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RELEASE DATE (NA): December 3, 2002 GENRE: Action/Adventure
// review by SoyBomb

One of the finest Zelda games yet in the palm of your hand.

We all know that Legend of Zelda: A Link to the Past for the SNES is a classic. It has been etched in stone forever as a timeless game that will never be surpassed by many. It's even more classic than Classic McClassicson from Classictown. So naturally, when the Big N decided to remake some old titles for their Game Boy Advance handheld, it was pretty obvious that a Zelda game had to be among them. And what better way to honour the system than with a remake of A Link To The Past? Toss on a new multiplayer-only adventure, and you have yourself a grand ol' time. Unfortunately, unlike the time that I reviewed the GBA re-envisionings of the Donkey Kong Country series, I don't really have a review of the original to fall back on at this time. So let me just get you up to speed, and then I can point out the major differences.

A Link To The Past was the third game in the already hugely popular Legend of Zelda series. Following the grandeur of the original Legend of Zelda and Zelda II: The Adventure of Link for the NES, this game had a lot of hype to live up to. Many fans were concerned that this new iteration, set to grace the new SNES console in 1991 (and 1992 in North America and Europe), would fall a bit short of expectation, considering how way off base Zelda II was from its predecessor, becoming more of an action-RPG than a neat action-adventure game. Although Zelda II still sold well, it was the sheer thrill of adventuring, and not the concern of having to fight over and over to become a better player, that pulled millions of players to the original Legend of Zelda. But luck was in the cards, and A Link To The Past brought back the nostalgia in droves. A true evolution of the series, the third Zelda returned to the overhead view of the original, but expanded the exploration with even more secrets to find, more folks to talk to, and even a different second world -- a doppelganger land, if you will -- once the first was conquered. The controls were spot-on, the scenery was even more beautiful than ever before, and the music was a rich tapestry of fine melodies. And Ganon reared his ugly head for a third time, pleasing gamers who were quite the fans of the King of Evil. Many people still proclaim this as the best Zelda game ever, perhaps tied only with LoZ: Ocarina of Time for the Nintendo 64.

Ten years later and after more than four million copies had been sold, Nintendo ported it to the Game Boy Advance, and here we are. The changes made were actually quite minimal, as the GBA port plays pretty much like its console counterpart. The controls are a tad different, on account of the GBA lacking an X and a Y button. Instead, the map is accessed via the L-shoulder button, and lifting is done a tad more awkwardly using the R-shoulder button. My R-Button is a bit sticky from eating too many fig newtons with it over the years, but it still works. The game pretty much looks the same, though a little brighter to compensate for the lack of backlighting on the older Game Boy Advance models. The overall view is wider than before due to the screen size; as a result, the information bar at the top has been rearranged and flattened up to allow more space for Link to visibly run around in.

The music and sound effects from the SNES version have remained relatively well intact. The music sounds much grainier coming out of those little Game Boy speakers this time, so you won't get the full aural experience that gamers a decade earlier had. One thing that IS new, which is something that has now become a slightly irritating staple in all Zelda games, is that every time Link swings his sword, jumps off a ledge, or falls into a pit, he shouts. Samples from older Zelda games have been inserted here, so now Link won't shut up. As well, they didn't recreate the sound of Link warping from one world to the other quite right. It's much lower-pitched here and just doesn't sound right. It makes me think of diarrhea. Then again, many things do. Lastly, the game underwent a bit of a retranslation, so some people say slightly different things than they used to. Many terms have been revised, such as faeries now being called "fairies". Shame, I liked the spelling "faerie". There are numerous smaller changes, though they are not majorly significant, such as that arrows can now be used to bust clay pots, and that Link runs on the file select screen, unlike before. But these are simply superfluous changes that don't severely affect gameplay. Ah, and there is a bonus dungeon at the end, as is the standard for so many games.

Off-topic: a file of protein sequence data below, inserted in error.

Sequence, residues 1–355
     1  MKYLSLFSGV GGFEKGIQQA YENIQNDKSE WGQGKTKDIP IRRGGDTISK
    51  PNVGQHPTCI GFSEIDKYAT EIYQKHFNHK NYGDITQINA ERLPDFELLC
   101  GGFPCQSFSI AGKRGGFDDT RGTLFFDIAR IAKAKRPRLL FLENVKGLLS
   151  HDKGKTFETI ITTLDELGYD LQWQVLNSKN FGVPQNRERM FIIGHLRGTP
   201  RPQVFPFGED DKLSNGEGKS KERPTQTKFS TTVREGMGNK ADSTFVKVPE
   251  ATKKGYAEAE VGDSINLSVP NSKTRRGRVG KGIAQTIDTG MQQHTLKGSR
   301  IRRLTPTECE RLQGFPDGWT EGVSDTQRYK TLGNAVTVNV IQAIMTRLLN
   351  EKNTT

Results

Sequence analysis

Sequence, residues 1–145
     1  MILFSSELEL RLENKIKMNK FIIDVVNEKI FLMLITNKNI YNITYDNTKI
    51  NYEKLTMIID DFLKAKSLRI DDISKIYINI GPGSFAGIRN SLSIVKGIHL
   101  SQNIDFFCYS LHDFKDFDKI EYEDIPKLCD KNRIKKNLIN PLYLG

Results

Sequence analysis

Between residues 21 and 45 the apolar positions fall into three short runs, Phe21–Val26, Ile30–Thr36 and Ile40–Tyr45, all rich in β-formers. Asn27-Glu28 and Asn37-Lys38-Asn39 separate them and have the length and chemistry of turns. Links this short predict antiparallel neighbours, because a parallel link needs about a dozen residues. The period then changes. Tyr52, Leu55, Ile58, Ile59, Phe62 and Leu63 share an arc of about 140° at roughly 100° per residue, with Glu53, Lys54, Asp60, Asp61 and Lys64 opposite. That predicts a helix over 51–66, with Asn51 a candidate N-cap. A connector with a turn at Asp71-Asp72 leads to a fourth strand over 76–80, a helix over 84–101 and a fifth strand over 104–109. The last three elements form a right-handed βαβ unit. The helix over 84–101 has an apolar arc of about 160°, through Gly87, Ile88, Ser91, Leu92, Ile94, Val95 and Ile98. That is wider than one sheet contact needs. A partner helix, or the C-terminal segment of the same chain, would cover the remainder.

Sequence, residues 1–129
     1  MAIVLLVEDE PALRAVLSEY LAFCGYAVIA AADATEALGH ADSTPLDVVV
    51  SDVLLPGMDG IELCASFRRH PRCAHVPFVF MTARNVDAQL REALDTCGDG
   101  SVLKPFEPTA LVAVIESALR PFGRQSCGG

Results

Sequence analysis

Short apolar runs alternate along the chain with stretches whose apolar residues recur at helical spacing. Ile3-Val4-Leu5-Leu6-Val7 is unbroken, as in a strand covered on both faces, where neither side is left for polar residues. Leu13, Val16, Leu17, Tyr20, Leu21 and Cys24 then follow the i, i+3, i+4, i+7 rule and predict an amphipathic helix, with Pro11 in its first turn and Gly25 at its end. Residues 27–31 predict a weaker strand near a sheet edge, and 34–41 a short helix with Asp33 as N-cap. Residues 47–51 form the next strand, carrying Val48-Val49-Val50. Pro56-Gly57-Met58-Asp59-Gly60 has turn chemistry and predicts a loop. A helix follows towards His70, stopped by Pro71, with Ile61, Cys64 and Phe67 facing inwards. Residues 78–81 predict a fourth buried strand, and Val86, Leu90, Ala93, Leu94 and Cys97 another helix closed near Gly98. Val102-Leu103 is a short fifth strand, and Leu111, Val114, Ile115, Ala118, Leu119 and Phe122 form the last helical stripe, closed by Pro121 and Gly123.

Nintendo didn't stop there, though. They also included Four Swords, a multiplayer adventure for up to four Links at one time! If you can find three friends to play alongside you (I couldn't...), you can work together to solve puzzles amidst randomly-generated dungeons. The game is quite generous, and won't give you any puzzles that require more players than you have available. I wish I could play it... but it looks nice.

So whether this game is worth purchasing is up for debate. For those who already have the SNES version, that's probably the one you should stick with, as it is of the higher quality on the big screen, and the changes are not major enough to suddenly jump on the remake for instant salvation. Younger players who did not experience the SNES version, or weren't even born at that time, would highly benefit from this faithful conversation of a delicious slice of gaming history. Plus it's portable, so it has that in its favour. It's worth the price even without the multiplayer addition, but this truly is a classic game that should be enjoyed in any way possible. So... get Linked!

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